Could pugs and bulldogs be banned? Blue Cross campaign explained - and why charity has animal welfare concerns

The charity believes that advertising is causing a high demand for these pets

Pet charity Blue Cross is calling for an end to “horrendously bad breeding” of certain dogs, cats and rabbits, like pugs (pictured).Pet charity Blue Cross is calling for an end to “horrendously bad breeding” of certain dogs, cats and rabbits, like pugs (pictured).
Pet charity Blue Cross is calling for an end to “horrendously bad breeding” of certain dogs, cats and rabbits, like pugs (pictured).

A pet charity is calling for an end to “horrendously bad breeding” of certain dogs, cats and rabbits.

The Blue Cross is campaigning for the end to the over-popularisation of brachycephalic pets, which have a short skull shape, giving the appearance of a flattened face.

So, which pets are affected, what is the campaign called, and how can you support it?

Here’s what you need to know.

What breeds of dog, cat and rabbit are affected?

The Blue Cross have said that French bulldogs, British bulldogs, pugs, Boston terriers, Persian cats and lionhead rabbits are all particularly affected by brachycephaly caused by what they describe as “cruel and inhumane” over-breeding.

What is the campaign called and what is its aim?

The campaign is called #EndTheTrend.

The Blue Cross believe that advertising is causing a high demand for brachycephalic pets, and the over-popularisation of these dogs and cats is fuelled further by online sales, and the impact of unregulated breeding.

In a statement, the charity said that this has “resulted in an animal welfare crisis”.

According to their data, brachycephalic breeds accounted for one fifth of the nation’s dogs in 2021.

Brachycephalic animals are being used more regularly in the marketing and advertising of major brands, even if their products are unrelated to these pets.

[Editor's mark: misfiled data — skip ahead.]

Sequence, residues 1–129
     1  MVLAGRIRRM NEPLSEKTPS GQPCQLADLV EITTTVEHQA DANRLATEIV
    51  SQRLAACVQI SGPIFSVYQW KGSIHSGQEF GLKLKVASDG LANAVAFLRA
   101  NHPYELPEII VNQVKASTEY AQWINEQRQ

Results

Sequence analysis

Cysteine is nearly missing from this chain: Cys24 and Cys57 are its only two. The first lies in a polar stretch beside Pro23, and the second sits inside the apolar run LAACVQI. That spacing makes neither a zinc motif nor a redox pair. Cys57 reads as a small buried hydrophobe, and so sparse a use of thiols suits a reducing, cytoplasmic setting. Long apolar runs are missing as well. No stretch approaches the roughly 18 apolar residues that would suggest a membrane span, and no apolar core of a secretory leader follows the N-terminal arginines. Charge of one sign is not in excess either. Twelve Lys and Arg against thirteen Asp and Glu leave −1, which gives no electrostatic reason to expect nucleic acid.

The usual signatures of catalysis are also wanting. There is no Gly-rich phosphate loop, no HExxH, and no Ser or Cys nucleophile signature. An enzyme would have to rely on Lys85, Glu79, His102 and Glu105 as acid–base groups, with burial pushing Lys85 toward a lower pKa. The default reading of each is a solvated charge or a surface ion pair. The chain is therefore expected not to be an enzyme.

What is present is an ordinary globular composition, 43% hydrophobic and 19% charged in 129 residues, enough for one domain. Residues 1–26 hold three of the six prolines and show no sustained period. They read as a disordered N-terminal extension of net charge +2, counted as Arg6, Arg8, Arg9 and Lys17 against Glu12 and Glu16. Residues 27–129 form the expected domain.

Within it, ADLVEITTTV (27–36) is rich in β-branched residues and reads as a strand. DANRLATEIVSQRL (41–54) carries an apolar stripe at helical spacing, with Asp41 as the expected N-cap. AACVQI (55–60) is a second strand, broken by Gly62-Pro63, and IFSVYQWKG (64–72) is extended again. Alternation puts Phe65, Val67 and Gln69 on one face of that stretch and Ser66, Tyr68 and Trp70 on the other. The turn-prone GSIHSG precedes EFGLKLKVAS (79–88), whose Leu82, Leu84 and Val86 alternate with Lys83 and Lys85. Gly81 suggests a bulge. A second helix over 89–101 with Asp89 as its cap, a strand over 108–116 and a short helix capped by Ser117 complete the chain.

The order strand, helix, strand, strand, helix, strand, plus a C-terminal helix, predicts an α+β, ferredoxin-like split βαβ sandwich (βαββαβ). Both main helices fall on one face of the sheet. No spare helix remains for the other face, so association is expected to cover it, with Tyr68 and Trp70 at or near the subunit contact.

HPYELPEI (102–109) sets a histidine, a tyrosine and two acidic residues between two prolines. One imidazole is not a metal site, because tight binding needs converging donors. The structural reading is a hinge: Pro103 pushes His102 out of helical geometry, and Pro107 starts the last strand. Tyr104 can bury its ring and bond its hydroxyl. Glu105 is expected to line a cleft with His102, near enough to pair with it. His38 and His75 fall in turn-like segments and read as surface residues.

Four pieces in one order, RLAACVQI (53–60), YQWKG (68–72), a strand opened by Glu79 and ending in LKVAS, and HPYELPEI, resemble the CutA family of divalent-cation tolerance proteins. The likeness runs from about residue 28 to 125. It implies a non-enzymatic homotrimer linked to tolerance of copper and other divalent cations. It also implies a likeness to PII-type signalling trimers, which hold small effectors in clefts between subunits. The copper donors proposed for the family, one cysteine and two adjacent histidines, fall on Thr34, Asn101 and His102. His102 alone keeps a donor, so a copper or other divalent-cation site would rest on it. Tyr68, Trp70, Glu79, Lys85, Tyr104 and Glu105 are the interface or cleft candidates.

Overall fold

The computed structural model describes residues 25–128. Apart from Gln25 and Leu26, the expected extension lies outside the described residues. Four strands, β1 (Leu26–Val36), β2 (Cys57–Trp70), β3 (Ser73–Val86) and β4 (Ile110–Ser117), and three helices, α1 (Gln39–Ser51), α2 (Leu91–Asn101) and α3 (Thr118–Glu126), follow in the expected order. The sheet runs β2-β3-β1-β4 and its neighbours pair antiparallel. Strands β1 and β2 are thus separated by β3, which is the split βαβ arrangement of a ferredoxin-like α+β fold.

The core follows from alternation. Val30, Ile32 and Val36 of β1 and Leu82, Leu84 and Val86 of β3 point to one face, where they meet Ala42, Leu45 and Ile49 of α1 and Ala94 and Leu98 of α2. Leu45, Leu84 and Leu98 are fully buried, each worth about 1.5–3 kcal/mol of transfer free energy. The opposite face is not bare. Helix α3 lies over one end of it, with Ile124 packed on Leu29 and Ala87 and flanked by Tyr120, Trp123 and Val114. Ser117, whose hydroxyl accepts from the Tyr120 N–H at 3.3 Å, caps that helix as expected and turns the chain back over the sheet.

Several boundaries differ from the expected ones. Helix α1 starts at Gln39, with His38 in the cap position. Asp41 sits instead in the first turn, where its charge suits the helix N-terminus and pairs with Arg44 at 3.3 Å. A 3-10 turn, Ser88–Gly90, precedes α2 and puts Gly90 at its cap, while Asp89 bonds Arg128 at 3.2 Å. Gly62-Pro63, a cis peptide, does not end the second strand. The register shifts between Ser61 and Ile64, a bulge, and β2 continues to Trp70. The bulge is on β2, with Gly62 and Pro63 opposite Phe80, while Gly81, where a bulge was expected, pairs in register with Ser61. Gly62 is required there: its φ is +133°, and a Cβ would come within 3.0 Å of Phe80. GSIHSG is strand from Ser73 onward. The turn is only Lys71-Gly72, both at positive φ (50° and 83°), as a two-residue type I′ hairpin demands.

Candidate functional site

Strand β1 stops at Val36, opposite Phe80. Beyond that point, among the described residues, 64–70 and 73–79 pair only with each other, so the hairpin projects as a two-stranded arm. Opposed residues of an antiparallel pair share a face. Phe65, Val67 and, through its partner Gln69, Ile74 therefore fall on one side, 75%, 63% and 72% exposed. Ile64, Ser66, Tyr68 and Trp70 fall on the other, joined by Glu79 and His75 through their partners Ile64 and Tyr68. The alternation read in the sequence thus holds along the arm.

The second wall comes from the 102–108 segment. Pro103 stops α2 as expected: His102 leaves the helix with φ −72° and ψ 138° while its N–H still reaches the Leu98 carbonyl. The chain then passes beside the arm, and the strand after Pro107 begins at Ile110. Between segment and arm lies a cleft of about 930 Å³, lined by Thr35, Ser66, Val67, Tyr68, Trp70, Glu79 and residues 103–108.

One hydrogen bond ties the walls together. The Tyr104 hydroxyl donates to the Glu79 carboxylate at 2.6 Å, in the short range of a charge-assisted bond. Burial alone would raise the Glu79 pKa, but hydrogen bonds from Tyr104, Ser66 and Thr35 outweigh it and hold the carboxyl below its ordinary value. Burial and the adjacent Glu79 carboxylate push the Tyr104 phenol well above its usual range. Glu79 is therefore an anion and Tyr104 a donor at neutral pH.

The charity said: “By using brachycephalic pets in their advertisements, brands are indirectly contributing to the over-popularisation of these animals and, in turn, the extreme demand for flat-faced breeds.”

Becky Thwaites, head of public affairs at Blue Cross, told The Sun: "We have already started contacting MPs. Ultimately Blue Cross is determined to see the end of the poor breeding of and are considering all options both legislative and non-legislative to achieve this."

The Blue Cross #EndTheTrend petition calls for the UK’s leading brands, including ASOS, Brewdog, John Lewis and Pets at Home, to commit to phasing out the use of any brachycephalic pets in their future advertisements by the end of 2022.

To help brands with this, the BVA (British Veterinary Association) have produced a guide to show how pets can be used responsibly in advertising.

Among other things, the guide highlights 14 characteristics and body shapes common in brachy pets that brands should avoid using, including animals with a short muzzle or nose, drooping or ‘diamond’ eyes and a sloping back.

Why are there concerns about brachycephalic pets?

Being bred to be brachycephalic negatively impacts on the animal’s quality of life, according to the Blue Cross.

It is well documented that flat-faced animals can struggle with breathing issues, but the charity says there are other “countless” painful and life-limiting conditions they are forced to live with, or undergo surgeries for, because of their skull shape.

There are a number of procedures that vets may have to carry out on brachy pets, but there are three that are most common.

  • Brachycephalic obstructive airway syndrome (BOAS) surgery is carried out when an animal can’t breathe properly and the charity says it is often a vital procedure for clearing their dangerously obstructed airways.
  • Enucleation is the removal of an animal’s eyes and eyelids due to high rates of disease which can occur in flat-faced pets.
  • Many female brachy pets who become pregnant also need a caesarean section as they can’t give birth to their litters without help from a vet.

The charity said: “These health problems come from a vicious cycle of over-breeding to meet the huge demand for these four-legged friends.

“Many of these breeds now no longer even resemble their healthy ancestors that came just a century before them. And, devastatingly, it is now costing them their quality of life.”

In the last two years, Blue Cross vets have treated over 5,000 brachy pets, and that number continues to grow every week.

How can I support the campaign?

The Blue Cross is calling on people to help affect the change by signing their #EndTheTrend petition.

You can sign the petition on their official website.